It was early May, and time to head south and west to Arizona and the Overland Expo. I was going to be presenting again this year, and also would have a table in the writer’s area (which would be the first time I’d ever had such a thing and I wasn’t at all sure what to expect). Since my girlfriend’s (Sue) cancer diagnosis earlier this year, I had been struggling with whether to go to the expo, but as the date came closer she made it very clear I was expected to leave. I can’t say she kicked me out, we don’t live together, but that might have been all that saved me.
Since I was going to be giving talks on pack, I’d loaded extra camping gear onto the bike (so I wouldn’t have to take down my tent every day to show the bike fully loaded). Just like last year, I didn’t like the end result. One of these years I am going to ship everything extra, rather than a bare minimum, trying to save on shipping. The books were already being shipped to someone I’d contact through Horizon’s Unlimited Flagstaff Community, so it wouldn’t have been hard to ship more.
Yeah, I probably won’t next year either. Sigh.
The week before I left, instead of looking at the weather and thinking about my route, I spent working and helping Sue with things around the house. I took only a hour or so to pack and load Curiosity, then rode to her house for the last night before hitting the road. Leaving in the morning was hard.
I didn’t take a lot of pictures my first few days on the road. It was cold and the weather generally sucked. My mind wasn’t on the road and I spent a lot of time wandering around in my helmet. I was also using a new hammock tent – an ENO Doublenest (the OneLink system). I’d only had one test set up, and while I had my trusty Hennessy as back up, in the end I would use only the ENO for the whole trip.
My route to Flagstaff was direct, along Hwy 50. Since 2011 I’ve been trying to visit Dodge City, with something going wrong each time I was in the area. The weather was all over, cold then hot, then cold again. And there were some impressive storms in the area too, which I opted to wait out rather than try and ride through.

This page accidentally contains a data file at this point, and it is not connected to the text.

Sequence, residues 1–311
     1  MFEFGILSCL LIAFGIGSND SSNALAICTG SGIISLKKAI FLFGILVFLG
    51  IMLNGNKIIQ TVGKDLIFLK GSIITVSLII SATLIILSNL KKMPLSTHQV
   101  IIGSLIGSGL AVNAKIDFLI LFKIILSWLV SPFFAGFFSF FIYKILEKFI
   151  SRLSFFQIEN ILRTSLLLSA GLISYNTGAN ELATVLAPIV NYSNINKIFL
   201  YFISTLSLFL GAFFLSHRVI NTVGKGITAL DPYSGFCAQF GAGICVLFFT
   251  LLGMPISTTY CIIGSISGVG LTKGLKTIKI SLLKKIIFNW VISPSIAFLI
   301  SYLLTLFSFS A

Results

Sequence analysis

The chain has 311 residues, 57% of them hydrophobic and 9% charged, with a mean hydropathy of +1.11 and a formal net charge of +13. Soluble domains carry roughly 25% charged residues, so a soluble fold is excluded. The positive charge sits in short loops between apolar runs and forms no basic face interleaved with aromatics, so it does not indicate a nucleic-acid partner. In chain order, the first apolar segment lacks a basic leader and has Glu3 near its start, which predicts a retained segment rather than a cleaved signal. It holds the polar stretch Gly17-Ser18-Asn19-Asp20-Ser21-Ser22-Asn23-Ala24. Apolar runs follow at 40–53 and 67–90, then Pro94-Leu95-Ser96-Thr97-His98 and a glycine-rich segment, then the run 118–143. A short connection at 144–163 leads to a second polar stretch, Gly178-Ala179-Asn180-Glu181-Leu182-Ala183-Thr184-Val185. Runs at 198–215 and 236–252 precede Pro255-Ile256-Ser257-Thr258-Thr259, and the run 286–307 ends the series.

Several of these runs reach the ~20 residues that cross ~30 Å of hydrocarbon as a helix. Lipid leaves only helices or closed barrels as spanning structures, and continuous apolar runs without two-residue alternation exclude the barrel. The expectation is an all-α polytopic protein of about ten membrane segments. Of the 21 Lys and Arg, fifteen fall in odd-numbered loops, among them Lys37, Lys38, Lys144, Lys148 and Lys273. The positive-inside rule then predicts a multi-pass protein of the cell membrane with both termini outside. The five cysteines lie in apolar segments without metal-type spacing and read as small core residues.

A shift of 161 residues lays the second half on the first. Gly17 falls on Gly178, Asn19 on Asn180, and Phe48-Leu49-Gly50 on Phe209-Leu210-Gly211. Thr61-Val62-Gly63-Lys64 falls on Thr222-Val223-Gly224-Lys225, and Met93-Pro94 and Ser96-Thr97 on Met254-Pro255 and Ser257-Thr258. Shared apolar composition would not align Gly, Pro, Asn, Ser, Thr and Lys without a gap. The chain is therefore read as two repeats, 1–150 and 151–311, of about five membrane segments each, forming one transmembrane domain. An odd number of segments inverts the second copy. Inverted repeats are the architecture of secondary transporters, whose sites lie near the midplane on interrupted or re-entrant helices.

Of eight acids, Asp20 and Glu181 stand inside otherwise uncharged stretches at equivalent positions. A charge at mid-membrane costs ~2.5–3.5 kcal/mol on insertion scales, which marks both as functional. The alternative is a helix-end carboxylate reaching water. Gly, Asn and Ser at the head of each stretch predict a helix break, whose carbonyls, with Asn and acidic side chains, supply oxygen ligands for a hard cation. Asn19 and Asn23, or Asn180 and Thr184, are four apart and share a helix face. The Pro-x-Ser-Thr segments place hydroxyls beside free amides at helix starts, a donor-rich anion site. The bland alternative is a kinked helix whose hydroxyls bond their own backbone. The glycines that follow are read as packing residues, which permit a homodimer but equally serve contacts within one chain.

I was sleeping in my hammock when my phone started alarming.
The lightning to the west was almost constant, and I wondered whether or not I should bother getting up or just stay in the hammock and wait it out.
While I thought about it, another alert came in over my phone –
Tennis ball sized hail seemed like enough to get me into one of the buildings – I was aware of storms in the area and had set up near one of the shower houses. I got up, made sure all the lines were tight, and moved inside. The lightning was near enough to constant I didn’t need a light, and it was very windy, but still not raining. That changed a few minutes after I got to the building. There were a few other campers there, which surprised me since I was the only tent I’d seen.
I never saw tennis balls sized hail, but there were some pingpong chucks – ice cube raining from the sky. It was incredibly loud on the roof. After 10 minutes the hail had stopped, and half an hour or so later the rain had also passed. I walked back to my camp to see the hammock and Curiosity apparently undamaged, so I just went back to sleep.